Mary Shelley’s Frankenstein may be imperfect, but DeNiro is absolutely incredible in the lead. He studied the way that stroke victims who have learned to speak again sound to get the right voice. I love the way he creates his own take on a creature that has been filmed so many times and his role is the absolute best thing in this movie.

The Arrow UHD release of this movie has a new 4K restoration from the original camera negatives by Sony Pictures Entertainment, as well as new audio commentary by film historians Michael Brooke and Johnny Mains; new interviews with composer Patrick Doyle, costume designer James Acheson and make-up designer Daniel Parker; Mary Shelley and The Creation of a Monster, a new documentary featurette on the origins and evolution of the Frankenstein story, featuring Gothic specialists David Pirie, Jonathan Rigby and Stephen Volk; Dissecting Mary Shelley’s Frankenstein, a new featurette with David Pirie, Jonathan Rigby and Stephen Volk on the differences between the novel and Kenneth Branagh’s screen adaptation; the Edison version of Frankenstein, made in 1910 and shown in 2K restoration form from the Library of Congress with music by Donald Sosin; original trailers; a reversible sleeve featuring original and newly commissioned artwork by Laz Marquez and an illustrated collector’s booklet featuring new writing by Jon Towlson and Amy C. Chambers.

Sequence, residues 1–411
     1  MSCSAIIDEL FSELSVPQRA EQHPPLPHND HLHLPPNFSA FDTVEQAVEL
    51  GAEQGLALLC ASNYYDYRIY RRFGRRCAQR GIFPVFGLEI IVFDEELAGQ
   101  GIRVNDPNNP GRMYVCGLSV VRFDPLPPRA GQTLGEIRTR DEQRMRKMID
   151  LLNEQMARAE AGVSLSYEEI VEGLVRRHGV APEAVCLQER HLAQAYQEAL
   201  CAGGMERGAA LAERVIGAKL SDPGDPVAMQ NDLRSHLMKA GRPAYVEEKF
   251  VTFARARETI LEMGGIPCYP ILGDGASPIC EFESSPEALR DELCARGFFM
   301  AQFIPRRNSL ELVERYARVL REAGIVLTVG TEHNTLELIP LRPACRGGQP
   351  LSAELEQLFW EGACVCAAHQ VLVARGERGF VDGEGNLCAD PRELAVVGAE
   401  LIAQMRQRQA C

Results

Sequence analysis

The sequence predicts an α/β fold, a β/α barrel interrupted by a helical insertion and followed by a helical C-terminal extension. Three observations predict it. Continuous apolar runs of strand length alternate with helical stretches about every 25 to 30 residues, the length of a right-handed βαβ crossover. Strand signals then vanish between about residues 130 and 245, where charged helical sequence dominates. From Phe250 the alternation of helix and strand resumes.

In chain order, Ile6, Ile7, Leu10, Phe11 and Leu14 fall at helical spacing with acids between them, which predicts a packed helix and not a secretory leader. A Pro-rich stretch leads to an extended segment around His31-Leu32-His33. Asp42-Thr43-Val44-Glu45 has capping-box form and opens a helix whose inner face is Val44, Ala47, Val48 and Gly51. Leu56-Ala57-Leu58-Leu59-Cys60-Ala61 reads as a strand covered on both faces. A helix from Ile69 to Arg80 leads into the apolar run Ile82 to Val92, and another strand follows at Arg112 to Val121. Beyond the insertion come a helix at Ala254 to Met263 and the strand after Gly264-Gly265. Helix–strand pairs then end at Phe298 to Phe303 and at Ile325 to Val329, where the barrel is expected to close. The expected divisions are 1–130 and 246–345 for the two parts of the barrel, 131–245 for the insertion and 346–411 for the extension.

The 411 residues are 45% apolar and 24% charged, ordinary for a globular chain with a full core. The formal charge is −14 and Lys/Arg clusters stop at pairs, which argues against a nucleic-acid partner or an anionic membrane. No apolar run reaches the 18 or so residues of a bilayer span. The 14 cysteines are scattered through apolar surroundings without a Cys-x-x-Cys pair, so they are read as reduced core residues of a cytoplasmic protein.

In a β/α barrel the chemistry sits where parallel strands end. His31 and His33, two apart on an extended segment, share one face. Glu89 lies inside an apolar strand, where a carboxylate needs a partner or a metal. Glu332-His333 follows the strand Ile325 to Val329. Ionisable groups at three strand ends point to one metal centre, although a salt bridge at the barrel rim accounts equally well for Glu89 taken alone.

You can purchase this from MVD.

APRIL MOVIE THON DAY 17: Twilight Zone: Rod Serling’s Lost Classics (1994)

Originally airing on May 19, 1994 on CBS, this made for TV movie was made up of two unproduced episodes that were found in a trunk in the Serling’s garage. The first segment, “The Theatre,” was expanded and scripted by Richard Matheson while “Where The Dead Are” was written four years after the show went off the air.

“The Theater” finds Melissa Sanders (Amy Irving) watching His Girl Friday in a repertory theater when she begins seeing scenes of the life she shares with her fiancé James (Gary Cole). At first, she thinks he’s behind it. Yet every time she watches it, she sees more, including her own death, which happens and then James relives it when he attends the very same cinema.